7. CHAPTER 2 S Y S T E M P E R F O R M A N C E A N A LY S I S 25 Object(Instance[,InstanceN]) Counter Description Values Percentage of requests Average served out of buffer cache value 90% page spends in Average buffer Pages Average aged pages flushed Average from buffer value < 20 of processes Average waiting for memory grant value = 0 physical of physical memory Physical memory cur- Server bytes, of memory that this process has allocated that cannot be shared with other processes of what you can use them for. Available Bytes - memory usage, then this value will be controlled by calls to a Windows API that determines Pages/sec and Page Faults/sec Counters and counters, you first need to learn about page faults. A page fault occurs when a process requires code or data that is not in its working set fault. If the faulted page is found elsewhere in physical memory, then it is called a soft page fault. A hard page fault - performance counter indicates the total page faults per second—soft page faults plus hard page faults—handled by the system.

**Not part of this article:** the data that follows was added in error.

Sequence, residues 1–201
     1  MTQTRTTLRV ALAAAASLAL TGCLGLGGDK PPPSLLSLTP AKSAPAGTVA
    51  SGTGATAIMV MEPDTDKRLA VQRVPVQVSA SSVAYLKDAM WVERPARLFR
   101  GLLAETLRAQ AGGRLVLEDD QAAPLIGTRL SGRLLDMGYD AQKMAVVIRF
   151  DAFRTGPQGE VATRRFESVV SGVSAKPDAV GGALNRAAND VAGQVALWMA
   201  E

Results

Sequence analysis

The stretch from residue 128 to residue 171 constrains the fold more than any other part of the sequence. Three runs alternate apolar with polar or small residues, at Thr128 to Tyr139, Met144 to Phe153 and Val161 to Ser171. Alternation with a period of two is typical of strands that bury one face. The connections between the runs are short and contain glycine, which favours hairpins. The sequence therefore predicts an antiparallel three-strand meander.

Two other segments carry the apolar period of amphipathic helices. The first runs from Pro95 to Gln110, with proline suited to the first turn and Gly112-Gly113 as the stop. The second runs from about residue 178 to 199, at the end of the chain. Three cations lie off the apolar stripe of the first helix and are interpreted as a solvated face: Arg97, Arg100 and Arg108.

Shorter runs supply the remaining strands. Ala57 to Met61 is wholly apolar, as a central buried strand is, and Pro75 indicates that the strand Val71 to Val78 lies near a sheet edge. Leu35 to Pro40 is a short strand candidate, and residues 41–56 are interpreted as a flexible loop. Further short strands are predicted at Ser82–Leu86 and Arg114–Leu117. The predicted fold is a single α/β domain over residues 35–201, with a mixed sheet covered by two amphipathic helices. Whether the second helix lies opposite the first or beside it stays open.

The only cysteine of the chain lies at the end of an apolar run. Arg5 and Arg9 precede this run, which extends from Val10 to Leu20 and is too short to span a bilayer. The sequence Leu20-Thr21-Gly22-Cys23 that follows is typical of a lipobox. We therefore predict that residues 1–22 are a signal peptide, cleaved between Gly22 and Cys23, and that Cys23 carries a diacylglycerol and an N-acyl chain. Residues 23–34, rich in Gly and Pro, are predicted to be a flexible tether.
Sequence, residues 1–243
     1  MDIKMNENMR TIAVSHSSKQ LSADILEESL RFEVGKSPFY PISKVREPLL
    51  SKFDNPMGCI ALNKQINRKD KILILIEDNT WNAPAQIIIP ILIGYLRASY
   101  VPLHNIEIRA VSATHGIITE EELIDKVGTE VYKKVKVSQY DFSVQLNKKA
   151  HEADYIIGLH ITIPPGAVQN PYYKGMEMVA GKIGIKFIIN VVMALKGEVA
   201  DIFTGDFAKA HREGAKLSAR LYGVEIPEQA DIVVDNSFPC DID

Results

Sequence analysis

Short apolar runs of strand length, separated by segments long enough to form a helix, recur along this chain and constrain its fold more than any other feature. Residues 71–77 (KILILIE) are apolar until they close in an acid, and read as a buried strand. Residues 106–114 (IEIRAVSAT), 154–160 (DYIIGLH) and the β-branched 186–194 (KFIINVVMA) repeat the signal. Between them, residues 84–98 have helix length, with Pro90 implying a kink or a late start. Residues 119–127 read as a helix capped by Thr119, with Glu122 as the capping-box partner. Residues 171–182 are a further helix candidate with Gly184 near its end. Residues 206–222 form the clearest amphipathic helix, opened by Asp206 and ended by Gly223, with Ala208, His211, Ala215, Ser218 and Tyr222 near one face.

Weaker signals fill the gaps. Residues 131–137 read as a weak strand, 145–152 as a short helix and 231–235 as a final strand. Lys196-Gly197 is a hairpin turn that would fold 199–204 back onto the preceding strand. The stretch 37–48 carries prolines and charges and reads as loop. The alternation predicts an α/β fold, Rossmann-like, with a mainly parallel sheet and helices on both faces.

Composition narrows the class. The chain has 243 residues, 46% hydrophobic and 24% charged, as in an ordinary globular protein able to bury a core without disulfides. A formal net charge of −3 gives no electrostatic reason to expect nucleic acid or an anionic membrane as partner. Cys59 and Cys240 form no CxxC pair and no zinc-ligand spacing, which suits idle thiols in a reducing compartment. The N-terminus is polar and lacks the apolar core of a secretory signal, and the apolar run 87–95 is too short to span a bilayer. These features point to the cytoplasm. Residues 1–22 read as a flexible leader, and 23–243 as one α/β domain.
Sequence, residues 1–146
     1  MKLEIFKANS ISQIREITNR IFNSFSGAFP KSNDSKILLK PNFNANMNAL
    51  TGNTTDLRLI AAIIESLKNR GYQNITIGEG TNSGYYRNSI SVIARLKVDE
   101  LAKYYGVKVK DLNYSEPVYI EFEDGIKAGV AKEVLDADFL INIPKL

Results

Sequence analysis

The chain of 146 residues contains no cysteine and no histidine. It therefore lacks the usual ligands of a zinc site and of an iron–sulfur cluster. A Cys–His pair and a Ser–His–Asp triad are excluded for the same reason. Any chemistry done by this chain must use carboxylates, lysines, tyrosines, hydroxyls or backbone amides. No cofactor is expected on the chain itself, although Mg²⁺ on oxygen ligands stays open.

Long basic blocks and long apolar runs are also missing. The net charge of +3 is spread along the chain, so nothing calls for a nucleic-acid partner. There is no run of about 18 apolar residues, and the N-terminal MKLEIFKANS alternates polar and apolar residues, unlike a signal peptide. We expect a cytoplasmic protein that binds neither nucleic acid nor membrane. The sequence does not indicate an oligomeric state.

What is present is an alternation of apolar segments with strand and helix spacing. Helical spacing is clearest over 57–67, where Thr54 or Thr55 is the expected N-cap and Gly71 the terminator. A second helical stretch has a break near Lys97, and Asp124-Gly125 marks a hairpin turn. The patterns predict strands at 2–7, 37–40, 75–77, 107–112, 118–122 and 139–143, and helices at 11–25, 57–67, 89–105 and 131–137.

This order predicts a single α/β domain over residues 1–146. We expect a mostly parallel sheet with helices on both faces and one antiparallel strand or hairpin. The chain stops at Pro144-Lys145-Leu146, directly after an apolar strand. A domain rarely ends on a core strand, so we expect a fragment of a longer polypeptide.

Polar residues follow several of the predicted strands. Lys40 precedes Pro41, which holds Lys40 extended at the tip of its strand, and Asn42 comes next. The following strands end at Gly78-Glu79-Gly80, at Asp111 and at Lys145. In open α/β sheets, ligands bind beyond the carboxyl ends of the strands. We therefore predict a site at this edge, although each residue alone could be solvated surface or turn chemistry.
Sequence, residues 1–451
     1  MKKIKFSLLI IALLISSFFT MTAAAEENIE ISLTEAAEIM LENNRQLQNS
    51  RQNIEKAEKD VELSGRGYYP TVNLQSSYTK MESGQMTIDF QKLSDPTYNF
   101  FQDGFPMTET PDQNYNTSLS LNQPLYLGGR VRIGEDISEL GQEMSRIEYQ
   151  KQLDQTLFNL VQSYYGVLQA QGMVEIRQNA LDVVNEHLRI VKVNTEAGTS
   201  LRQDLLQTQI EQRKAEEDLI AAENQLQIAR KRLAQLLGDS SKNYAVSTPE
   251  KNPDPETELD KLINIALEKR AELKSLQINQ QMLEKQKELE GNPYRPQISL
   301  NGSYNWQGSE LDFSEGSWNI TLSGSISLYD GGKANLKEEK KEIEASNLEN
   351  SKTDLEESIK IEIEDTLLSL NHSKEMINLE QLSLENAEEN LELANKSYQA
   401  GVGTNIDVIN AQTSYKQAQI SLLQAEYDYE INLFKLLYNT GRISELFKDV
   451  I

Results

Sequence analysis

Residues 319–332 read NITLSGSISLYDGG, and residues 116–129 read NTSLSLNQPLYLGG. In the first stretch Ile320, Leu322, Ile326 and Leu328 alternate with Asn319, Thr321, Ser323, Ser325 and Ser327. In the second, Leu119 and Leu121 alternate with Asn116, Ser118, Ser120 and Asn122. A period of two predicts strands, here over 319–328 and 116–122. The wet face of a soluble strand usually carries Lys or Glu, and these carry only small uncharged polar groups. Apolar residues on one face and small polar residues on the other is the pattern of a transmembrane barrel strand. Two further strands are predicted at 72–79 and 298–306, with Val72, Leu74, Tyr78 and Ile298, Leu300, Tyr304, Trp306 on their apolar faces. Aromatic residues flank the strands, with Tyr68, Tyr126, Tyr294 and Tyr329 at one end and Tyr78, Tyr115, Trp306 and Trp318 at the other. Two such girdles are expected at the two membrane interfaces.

8. 26 CHAPTER 2 SYS TEM P ER FOR MA NC E A NA L YS IS , should not be consistently high. If this counter hard and fast numbers for what indicates a problem, because these numbers will vary widely on the system. If the counter is and : : An application will wait only on an input page, not on an output page. : Page output will stress the system, but an application usually does not see this stress. Pages output are usually represented by the application’s dirty is an issue only when paging in case of high object is the system component that provides performance data for the processes running on the system, which are individually represented by their corresponding instance name. instance of the is high. can range all over the spectrum with normal application behavior, with Buffer Cache Hit Ratio buffer cache is the pool of buffer pages into which data pages are read, and it is often the - or more for most production servers. A low value indicates that few requests could be served out of the buffer cache, with the rest of the requests being served - tently low, you should consider getting more memory for the system. Page Life Expectancy indicates how long a page will stay in the buffer pool without being ref- the buffer, lowering the efficiency of the cache and indicating the possibility of memory pres-